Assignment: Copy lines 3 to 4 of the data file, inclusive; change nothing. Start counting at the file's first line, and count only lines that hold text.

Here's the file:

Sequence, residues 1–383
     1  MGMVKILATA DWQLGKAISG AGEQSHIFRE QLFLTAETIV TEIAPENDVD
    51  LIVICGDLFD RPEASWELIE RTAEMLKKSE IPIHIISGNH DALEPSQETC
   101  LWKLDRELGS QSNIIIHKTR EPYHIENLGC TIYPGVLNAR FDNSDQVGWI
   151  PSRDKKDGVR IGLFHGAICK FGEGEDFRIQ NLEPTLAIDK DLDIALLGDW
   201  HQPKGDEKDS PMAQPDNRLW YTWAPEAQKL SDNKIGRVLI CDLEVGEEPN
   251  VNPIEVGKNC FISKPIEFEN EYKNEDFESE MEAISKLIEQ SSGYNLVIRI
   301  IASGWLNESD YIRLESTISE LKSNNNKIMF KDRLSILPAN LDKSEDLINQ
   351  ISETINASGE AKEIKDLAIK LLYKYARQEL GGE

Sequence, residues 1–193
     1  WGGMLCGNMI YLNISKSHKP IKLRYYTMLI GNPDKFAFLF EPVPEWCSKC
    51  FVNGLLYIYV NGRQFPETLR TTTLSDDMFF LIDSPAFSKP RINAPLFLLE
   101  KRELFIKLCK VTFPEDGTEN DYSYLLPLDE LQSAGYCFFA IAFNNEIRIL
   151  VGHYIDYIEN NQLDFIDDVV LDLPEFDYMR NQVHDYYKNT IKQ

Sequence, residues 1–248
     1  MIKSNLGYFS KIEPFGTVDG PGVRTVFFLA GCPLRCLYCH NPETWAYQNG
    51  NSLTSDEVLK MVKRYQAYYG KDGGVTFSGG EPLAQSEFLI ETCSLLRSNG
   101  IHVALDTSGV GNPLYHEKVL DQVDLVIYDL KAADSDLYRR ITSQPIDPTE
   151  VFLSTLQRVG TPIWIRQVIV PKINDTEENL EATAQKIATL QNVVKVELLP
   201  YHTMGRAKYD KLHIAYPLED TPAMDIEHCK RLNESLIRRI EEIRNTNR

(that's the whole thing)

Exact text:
    51  LIVICGDLFD RPEASWELIE RTAEMLKKSE IPIHIISGNH DALEPSQETC
   101  LWKLDRELGS QSNIIIHKTR EPYHIENLGC TIYPGVLNAR FDNSDQVGWI